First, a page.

Narrative and framing guru, Comms Director at Black Lives Matter, all-round total powerhouse shero. Founder of the Radical Communicators Network (RadComms), an invaluable resource and truly skill-sharing, collaborative hub, for anyone working in social-change comms. Developed Channel Black, an immersive training program that prepares progressive spokespeople to make critical, real-time interventions on racism, sexism, homophobia, transphobia, and power in the US through the media. She’s also a ReFrame Mentor: another active piece of shifting narratives by building the capacity of marginalised communities to be a part of this work.
Of the many things we’re compelled and encouraged to do first in the face of Trump’s attacks on our basic rights and humanity, dreaming isn’t necessarily one of them… But in the face of unimaginable assaults on our futures, we absolutely cannot cede our ability to imagine for ourselves.”—Shanelle Matthews
Janelle Monae was born in 2719, then cloned as an android named Cindi Mayweather, who travelled back to our time. (At least according to her breakout record “Metropolis: The Chase Suite”!) She uses sci-fi and Afro-futurism in her gorgeous, complex, snapshots of new worlds in her music videos: reflecting back to us the injustices of our past and present world but calling us to vast imaginative leaps into where we could go next.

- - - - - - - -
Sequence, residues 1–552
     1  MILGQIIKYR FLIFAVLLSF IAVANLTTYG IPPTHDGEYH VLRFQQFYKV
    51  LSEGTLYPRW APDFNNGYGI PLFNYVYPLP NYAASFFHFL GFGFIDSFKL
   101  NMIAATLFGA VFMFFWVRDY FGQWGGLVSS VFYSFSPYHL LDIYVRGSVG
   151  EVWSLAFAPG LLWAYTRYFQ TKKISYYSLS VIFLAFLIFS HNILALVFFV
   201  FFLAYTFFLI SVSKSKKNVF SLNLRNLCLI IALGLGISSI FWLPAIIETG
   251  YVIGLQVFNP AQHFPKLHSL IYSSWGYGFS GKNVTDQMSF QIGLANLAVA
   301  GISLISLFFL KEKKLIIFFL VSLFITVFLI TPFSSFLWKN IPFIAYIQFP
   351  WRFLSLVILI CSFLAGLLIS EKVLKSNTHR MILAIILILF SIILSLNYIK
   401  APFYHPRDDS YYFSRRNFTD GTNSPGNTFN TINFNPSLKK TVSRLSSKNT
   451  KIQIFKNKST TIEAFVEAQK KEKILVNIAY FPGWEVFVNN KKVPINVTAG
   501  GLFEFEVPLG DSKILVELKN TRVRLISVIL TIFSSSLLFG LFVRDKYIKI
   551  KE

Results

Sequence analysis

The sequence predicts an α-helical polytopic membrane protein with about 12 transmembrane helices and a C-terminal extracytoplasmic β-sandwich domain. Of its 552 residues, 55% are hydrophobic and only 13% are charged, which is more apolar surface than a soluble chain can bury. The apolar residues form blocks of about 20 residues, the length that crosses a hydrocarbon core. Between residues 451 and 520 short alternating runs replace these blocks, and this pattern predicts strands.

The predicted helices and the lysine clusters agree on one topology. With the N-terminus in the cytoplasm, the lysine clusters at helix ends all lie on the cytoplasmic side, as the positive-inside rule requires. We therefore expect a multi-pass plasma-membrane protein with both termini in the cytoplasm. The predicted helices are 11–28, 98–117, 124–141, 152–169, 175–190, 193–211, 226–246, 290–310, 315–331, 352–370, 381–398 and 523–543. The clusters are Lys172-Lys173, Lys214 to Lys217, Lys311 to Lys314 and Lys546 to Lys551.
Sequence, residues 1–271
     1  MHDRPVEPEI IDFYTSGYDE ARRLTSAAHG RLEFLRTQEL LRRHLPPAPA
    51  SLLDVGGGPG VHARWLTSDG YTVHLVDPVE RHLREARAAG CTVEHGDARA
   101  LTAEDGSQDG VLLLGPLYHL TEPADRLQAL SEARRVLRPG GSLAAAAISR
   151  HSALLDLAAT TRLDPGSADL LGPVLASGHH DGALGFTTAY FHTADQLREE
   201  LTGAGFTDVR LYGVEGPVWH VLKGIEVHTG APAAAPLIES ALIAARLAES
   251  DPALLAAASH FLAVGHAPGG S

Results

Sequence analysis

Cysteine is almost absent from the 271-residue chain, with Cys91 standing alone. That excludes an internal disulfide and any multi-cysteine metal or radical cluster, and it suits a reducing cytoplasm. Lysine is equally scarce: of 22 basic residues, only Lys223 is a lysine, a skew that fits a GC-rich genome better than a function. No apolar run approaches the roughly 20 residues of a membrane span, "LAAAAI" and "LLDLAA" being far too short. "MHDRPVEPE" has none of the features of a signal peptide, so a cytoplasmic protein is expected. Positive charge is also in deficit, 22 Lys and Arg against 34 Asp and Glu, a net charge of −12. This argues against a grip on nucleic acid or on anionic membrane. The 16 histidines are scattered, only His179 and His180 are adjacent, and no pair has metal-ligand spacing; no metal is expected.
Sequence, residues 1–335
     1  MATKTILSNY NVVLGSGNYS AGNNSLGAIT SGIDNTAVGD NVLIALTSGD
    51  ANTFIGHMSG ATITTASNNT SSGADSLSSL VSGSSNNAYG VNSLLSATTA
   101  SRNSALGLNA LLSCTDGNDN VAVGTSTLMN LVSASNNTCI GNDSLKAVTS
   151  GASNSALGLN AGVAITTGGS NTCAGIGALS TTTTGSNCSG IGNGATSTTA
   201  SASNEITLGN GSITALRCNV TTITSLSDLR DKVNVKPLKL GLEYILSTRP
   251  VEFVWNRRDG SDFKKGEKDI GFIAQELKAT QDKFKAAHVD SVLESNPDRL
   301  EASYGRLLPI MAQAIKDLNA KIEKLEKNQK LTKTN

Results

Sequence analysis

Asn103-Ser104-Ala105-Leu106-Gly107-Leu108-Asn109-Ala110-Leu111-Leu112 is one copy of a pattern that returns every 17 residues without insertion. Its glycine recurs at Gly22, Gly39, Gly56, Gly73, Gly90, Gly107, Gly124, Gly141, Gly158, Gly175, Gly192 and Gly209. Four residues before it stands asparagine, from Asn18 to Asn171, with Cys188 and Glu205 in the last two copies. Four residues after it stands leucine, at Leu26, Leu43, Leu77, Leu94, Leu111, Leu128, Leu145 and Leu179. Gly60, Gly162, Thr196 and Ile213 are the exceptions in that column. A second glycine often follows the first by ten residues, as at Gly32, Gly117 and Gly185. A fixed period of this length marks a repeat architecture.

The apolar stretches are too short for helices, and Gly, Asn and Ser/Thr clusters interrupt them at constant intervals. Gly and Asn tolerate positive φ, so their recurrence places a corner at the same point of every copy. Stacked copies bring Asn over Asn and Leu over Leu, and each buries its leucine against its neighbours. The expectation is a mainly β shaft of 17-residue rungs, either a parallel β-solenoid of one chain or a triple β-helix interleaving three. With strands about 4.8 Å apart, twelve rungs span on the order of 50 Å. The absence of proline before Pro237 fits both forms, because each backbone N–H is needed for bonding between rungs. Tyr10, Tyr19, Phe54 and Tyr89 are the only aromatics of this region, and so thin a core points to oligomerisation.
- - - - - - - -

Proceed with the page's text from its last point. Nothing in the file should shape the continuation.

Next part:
Afrofuturism gives rise to a paradox: “can a community, whose past has been deliberately rubbed out…. imagine possible futures?” … Janelle Monáe provides an answer… However, she does not simply reiterate what her predecessors have done and instead offers a new direction to imagining a future. Challenging the hegemonic forces… she asserts that these communities can only imagine a future once they have reclaimed the past they lost.”—Vu Huy Chu-Le
Every video is a lesson in show-don’t-tell.
In [the video for Tightrope], the asylum patients are all black, though their specific skin colors range across the spectrum of the diaspora. The bad guys aren’t white; Monae isn’t interested in cliches. Instead, they have mirrors for faces. They are us. The whole thing culminates in a crowd dance scene that’s pure Congo Square, or any other place where historically the oppressed have found joy in defiance of their oppressors. I can’t listen to this song without dancing. I’m a terrible dancer but I don’t care. I lose myself in it because Monae’s magic is for everybody.”—NK Jemison
Ok—that’s our list. There were many, many more who didn’t make the cut, for no real reason other than needing to stop somewhere. What omission is unforgivable, in your opinion? Who would be in your top ten? Would love to hear…